I wrote several weeks ago about Florida Representative Michelle Rehwinkel Vasilinda, who filed a bill to abolish Florida’s death penalty. Inspired by a 2000 Palm Beach Post article, Vasilinda filed the bill in order to spare taxpayers the $51 million annually it costs to enforce the death penalty in Florida.
This week I was able to sit down with Rep. Vasilinda in Tallahassee and ask her some questions about the bill. She was a pleasure to talk to and a passionate legislator. Here’s a few snippets from our interview:
I had thought about the death penalty for a number of years, since I was a young person, and I knew that it was very expensive, that the appeals are very expensive and the resources that we put toward putting people and keeping people on death row costs a lot of money. And so I started looking at it and I thought you know, why don’t we just have a bill to repeal the death penalty? And so I threw it out there.
There were only two of us that voted to repeal the death penalty. 117 members voted to keep the death penalty on the books in Florida. And what I guess that did for me is it made me realize it is not a partisan issue. It’s actually a bi-partisan issue. And I think that that’s an interesting starting point.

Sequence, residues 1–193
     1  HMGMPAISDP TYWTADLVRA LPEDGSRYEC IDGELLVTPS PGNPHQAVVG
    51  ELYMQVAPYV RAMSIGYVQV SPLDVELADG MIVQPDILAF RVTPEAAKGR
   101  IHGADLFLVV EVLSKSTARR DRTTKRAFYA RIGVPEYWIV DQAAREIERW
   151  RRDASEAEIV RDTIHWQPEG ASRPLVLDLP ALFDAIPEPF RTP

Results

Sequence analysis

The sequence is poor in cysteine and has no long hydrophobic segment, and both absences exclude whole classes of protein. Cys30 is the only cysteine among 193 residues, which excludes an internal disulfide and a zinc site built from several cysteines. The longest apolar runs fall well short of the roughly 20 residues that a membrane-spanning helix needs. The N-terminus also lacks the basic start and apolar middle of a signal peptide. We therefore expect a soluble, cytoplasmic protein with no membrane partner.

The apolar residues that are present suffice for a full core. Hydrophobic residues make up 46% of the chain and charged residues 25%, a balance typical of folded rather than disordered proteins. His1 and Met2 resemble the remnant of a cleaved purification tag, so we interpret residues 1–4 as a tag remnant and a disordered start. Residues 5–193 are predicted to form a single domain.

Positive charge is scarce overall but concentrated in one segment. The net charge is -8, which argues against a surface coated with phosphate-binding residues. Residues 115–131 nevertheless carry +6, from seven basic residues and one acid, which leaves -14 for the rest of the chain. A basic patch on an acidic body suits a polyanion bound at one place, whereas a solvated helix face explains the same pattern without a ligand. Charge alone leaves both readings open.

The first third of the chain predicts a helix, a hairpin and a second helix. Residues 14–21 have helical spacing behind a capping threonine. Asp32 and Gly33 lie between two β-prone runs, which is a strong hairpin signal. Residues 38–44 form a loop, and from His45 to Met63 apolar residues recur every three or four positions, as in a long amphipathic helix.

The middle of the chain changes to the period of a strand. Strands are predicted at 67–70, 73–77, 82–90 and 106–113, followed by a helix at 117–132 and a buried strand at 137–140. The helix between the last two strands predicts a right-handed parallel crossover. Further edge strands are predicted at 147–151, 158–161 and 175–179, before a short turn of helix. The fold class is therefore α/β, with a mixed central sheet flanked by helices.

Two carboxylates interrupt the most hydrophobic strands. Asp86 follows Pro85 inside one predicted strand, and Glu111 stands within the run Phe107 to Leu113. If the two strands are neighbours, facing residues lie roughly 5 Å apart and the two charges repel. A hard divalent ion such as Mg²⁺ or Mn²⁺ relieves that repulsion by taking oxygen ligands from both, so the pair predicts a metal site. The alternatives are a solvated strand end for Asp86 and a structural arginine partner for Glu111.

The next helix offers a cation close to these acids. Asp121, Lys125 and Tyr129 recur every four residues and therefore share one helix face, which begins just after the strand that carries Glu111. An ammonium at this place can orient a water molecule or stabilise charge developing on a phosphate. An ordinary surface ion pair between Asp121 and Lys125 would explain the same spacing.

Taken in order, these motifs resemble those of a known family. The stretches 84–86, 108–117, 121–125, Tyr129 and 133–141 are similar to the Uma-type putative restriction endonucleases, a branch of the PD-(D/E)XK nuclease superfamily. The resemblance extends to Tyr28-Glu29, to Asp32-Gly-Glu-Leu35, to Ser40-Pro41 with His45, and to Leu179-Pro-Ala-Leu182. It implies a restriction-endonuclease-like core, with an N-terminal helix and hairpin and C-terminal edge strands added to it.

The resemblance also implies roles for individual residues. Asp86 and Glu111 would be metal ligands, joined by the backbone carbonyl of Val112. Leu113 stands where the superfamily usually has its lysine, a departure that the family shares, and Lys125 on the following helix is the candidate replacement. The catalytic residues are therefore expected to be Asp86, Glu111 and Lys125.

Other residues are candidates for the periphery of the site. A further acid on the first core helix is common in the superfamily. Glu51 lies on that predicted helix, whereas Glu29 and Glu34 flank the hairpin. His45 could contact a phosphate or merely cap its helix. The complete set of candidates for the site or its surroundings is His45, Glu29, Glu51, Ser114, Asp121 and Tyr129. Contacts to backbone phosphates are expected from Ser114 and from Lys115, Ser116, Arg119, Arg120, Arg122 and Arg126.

Frankly, really where it comes down for me is what is my role as a policy maker. And if you want to put my personal thoughts into this, I don’t think my role is to mete out vengeance. That’s not my role as a policy maker. My role, as I see it, is to provide public safety at a prudent cost, to the taxpayer. And if that’s the question, which I truly believe is the question, then the job is for me to say, take a look at the death penalty. Is it vengeance or is it public safety?
And if you take the $51 million a year that we are spending on keeping folks on death row, and you take the $6 million it takes to keep the same number of inmates in prison for one year, you could take that subtracted amount, over $40 million and put it to law enforcement. And why wouldn’t anybody think that that is clearly a better way to keep our citizens safe? I don’t know, but that’s my question.